The perception of Tennessee State University educators on the influence of online education on traditional education

John R. St.Clair, Tennessee State University

Abstract

This study examined the perceptions of Tennessee State University faculty and academic administrators as to the transference of good teaching practices developed from teaching online to subsequent teaching experience in the traditional classroom. The population was all academic administrators and faculty members during the summer semester of 2006. ^ The significant findings of the study were: ^ A statistically significant positive relationship was found between each of the scales of student-faculty contact, student-student cooperation, active learning, prompt feedback, time-on-task, high expectations, respect for diverse talents and learning styles, obvious technology related questions and the overall scale of good practice. ^ Female educators were found to have statistically significant higher perceptions of transference of teaching practices from the online environment to the traditional environment than males for the overall scale of good practice and for all subscales. A statistically significant difference was found in perceptions based on ethnicity for the subscale of time-on-task and high expectations. ^ A statistically significant difference was found in perceptions based on academic unit for the overall scale of good practice and for all subscales. ^ A statistically significant difference was found in perceptions based on experience teaching a fully online class within the previous year for the overall scale of good practice and for the subscales student-student cooperation, active learning, prompt feedback, high expectations, respect for diverse talents and learning styles, and obvious technology related with experienced educators having a higher perception of transference than those who had not taught a fully online class within the previous year. Recommendations of the study were: ^ Tennessee State University should encourage sharing of ideas across academic disciplines through regularly scheduled symposia. ^ A quantitative study of the influence of participation in distance education on tenure and promotion decisions is needed to clarify actual practice. ^ Tennessee State University should consider a revision of its institutional policy on tenure and promotion to reflect the current Tennessee Board of Regents policy. Tennessee State University should continue to provide support for the increasing use of web-enhanced courses and should encourage all academic administrators and faculty to experience teaching at least one fully online class. ^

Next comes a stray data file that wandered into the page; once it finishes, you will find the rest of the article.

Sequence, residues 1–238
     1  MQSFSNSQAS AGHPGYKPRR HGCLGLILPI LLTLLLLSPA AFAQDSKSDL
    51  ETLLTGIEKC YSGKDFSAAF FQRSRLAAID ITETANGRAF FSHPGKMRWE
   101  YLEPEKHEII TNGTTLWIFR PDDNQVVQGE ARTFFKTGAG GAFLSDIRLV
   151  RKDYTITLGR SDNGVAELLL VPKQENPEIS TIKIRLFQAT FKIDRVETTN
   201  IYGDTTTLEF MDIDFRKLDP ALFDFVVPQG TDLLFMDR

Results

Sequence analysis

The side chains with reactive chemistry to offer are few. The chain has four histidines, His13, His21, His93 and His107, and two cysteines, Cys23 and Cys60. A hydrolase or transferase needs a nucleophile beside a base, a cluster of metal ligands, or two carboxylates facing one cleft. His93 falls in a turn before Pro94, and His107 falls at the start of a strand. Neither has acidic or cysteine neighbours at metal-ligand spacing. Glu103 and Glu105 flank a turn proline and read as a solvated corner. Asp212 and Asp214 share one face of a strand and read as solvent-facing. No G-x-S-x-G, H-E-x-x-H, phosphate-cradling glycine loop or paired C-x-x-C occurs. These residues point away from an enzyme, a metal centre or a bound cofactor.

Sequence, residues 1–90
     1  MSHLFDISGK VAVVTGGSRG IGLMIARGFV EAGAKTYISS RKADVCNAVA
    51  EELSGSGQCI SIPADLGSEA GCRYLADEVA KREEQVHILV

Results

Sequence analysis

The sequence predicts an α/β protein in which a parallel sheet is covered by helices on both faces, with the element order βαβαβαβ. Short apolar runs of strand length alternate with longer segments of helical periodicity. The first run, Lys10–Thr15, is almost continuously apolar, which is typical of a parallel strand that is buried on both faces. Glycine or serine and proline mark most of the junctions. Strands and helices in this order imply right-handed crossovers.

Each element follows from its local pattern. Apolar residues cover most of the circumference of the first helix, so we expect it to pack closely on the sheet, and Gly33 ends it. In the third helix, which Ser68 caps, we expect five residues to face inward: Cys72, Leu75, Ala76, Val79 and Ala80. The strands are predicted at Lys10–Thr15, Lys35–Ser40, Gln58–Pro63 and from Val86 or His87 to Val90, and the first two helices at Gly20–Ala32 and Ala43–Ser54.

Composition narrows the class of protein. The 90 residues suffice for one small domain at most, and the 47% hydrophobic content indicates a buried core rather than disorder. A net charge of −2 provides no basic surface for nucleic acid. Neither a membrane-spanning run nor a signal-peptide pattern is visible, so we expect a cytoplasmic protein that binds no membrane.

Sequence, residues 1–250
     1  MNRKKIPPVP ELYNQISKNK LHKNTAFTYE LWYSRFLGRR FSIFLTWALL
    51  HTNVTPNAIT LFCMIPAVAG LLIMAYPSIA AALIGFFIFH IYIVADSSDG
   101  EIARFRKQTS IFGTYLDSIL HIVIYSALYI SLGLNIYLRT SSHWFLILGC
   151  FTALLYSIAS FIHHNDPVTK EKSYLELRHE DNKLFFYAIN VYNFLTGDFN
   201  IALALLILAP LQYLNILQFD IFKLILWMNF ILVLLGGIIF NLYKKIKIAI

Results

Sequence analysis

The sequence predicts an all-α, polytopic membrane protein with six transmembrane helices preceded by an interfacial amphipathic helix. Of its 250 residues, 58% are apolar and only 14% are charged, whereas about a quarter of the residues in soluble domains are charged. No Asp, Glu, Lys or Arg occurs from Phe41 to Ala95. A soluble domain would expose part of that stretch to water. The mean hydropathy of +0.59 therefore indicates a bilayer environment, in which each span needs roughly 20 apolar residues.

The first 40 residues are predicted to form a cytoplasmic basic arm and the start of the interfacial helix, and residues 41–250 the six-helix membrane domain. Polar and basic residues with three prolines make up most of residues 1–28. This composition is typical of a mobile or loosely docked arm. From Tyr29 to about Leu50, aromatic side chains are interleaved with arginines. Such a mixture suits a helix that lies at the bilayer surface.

Subject Area

Education, Technology of|Education, Curriculum and Instruction

Recommended Citation

John R. St.Clair, "The perception of Tennessee State University educators on the influence of online education on traditional education" (2006). ETD Collection for Tennessee State University. Paper AAI3222588.
http://digitalscholarship.tnstate.edu/dissertations/AAI3222588

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